This is another re-post from a few years ago I was reminded of when I walked outside this morning. Nothing gives me an instant shot of happiness like the smell of spring, and more specifically, the smell of good old earth in spring. I played in dirt as a kid, I play in dirt now as a gardener, and I certainly expect to become a dirty old man. In the garden!
I’m going to be dirty today.
As a kid, Mama often met me on the back stoop as I came in from playing outside. With a broom in her hand she’d have me slowly turn in a circle while she brushed dirt from my blue jeans. She wasn’t against sweeping my bare legs either if I happened to be wearing shorts.
“Don’t bring that mess in this house.” She’d say. “Did you plan to get dirty?”
One thing lead to another, and with A busy Easter, and then being in a city, we did not manage our garlic forage until today. A new spot that Mrs T had found the other day. Flowers were shining among the leaves here and there.
But the surprise of the day was to discover a pheasant’s nest with a good dozen eggs in it. The cock was quite agitated not far away, no doubt his wife, too, was watching us. We gathered our leaves as quickly as possible and left them in peace. 8 jars of pesto are our reward!
We were hanging the bat box at L’Arche’s Glebe garden in Canterbury, and to do that Vince had to saw through two thin branches. I was footing the ladder, keeping still and keeping him safe.
Drips fell onto my hand as he handed down one of the branches: no rain, this was sap, the sycamore’s lifeblood. This is an invasive maple, and remembering the maple syrup farm I once visited in a Canadian March, I licked my hand. It was sweet!
I don’t think we are about to start tapping the sycamores, but Vincent recalled tasting birch syrup, and very tasty that was, he said.
An old cherry orchard near Canterbury in early Spring.
Just before it got dark I went out with the secateurs to take a few cuttings from our periwinkle. It is excellent ground cover, smothering weeds around the roses but allowing the daffodils to burst through. Even in winter there are a few flowers around (the picture was taken in spring though).
Down at the L’Arche Glebe garden there is a patch of shady ground under a hedge where these cuttings can find a home. While I was gathering them I remembered Mabel, who gave me some from her garden across town. I didn’t hear of her death till after the burial. Her vicar said someone described her as ‘the soul of goodness’. I totally agree. She was an inspiring person to be working for, and deserves recognition at Canterbury Christ Church University, for which she did so much in its earliest years.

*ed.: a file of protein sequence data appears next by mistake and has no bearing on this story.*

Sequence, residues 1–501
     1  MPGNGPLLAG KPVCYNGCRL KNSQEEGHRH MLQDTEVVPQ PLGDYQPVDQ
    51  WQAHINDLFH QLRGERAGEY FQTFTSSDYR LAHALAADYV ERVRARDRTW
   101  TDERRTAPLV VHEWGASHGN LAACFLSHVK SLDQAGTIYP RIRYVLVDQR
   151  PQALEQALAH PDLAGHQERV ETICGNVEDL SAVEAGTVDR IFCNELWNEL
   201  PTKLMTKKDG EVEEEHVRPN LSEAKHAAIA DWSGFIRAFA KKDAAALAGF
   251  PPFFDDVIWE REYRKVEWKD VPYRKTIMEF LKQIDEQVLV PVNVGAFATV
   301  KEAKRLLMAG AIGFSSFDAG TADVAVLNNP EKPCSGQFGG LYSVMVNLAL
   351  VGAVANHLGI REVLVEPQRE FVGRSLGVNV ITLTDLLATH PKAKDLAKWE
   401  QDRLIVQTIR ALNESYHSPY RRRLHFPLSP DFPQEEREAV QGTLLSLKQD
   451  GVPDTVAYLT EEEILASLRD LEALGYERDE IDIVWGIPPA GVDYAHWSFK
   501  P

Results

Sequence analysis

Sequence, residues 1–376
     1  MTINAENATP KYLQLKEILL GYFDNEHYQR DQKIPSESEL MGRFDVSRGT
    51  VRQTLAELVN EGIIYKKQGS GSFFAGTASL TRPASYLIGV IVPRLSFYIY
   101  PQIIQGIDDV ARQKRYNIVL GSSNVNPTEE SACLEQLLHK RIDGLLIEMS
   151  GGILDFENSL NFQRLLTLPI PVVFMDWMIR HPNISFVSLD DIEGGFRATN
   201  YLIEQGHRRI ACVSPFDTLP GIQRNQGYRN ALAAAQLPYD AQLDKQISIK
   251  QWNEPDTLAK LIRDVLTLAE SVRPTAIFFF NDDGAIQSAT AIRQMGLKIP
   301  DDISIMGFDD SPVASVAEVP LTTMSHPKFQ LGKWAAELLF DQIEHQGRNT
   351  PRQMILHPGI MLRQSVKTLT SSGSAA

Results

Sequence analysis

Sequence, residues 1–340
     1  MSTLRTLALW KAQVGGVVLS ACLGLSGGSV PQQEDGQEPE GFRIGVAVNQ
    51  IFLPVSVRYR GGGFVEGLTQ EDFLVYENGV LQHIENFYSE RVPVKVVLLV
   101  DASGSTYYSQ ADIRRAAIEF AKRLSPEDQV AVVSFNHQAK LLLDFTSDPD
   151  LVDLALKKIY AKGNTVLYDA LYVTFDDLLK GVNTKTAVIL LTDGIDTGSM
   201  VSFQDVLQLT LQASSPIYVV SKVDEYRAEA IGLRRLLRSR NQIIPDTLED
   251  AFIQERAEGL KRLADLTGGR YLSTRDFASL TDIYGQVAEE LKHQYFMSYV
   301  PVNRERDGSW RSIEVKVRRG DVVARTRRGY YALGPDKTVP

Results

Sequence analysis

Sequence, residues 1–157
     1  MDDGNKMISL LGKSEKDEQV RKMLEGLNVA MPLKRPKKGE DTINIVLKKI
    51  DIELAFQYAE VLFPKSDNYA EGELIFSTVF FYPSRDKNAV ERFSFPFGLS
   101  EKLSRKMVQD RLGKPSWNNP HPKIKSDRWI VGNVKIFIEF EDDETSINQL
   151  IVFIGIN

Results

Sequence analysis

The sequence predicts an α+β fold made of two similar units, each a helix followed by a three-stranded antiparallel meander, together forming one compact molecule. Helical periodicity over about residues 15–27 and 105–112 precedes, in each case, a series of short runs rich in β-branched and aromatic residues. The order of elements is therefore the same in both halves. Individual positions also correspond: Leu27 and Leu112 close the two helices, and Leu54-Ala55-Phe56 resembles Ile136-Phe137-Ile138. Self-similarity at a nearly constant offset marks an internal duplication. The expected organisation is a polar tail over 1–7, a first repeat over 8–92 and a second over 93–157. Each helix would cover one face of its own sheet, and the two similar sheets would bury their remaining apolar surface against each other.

Even though none of the present L’Arche Community knew her, she did know about the community in its earliest days and thoroughly approved. Even Mabel, however, could not stretch herself any further to play any part – except to pray. She prayed, she encouraged, she shared her knowledge and skills freely. The soul of goodness indeed.
We enjoy her periwinkles, and tradescantia, and various other perennials, and I treasure her memory.
The mediaeval tower of St Mary Magdalene, just in front of St Thomas’s Church.
We never know what to expect of the free promenade recitals of classical music at Saint Thomas’s parish hall Canterbury. ‘All will be revealed!’ said Fr Daniel this morning. Once again Director of Music Ben Saul discovered a pair of talented young musicians in pianist Greta Åstedt and Lucia Veintimilla on the violin.
Mozart settled the audience into listening mode. One of the toddlers in attendance was transfixed at the sight and sound so close to her. Her face increased my enjoyment of the music.
A piece by Japanese composer Takemitsu evoked an invisible and not necessarily friendly, presence in the room, chased away by de Falla, inviting the little ones to dance. Another contrast from Lutoslawski, by no means going gentle into that dark night, while there was one more chance for the dancers to go with the music thanks to Slavonic dances by Smetana.
Two more names to watch for: the players are just starting their professional careers. And if you are in Canterbury on a Saturday, come to Iron Bar Lane for 10.45. And next week? All will be revealed. The preschool children were well behaved and in no way diminished anyone’s enjoyment.
A retiring collection goes to pay the musicians and towards the restoration of the church organ.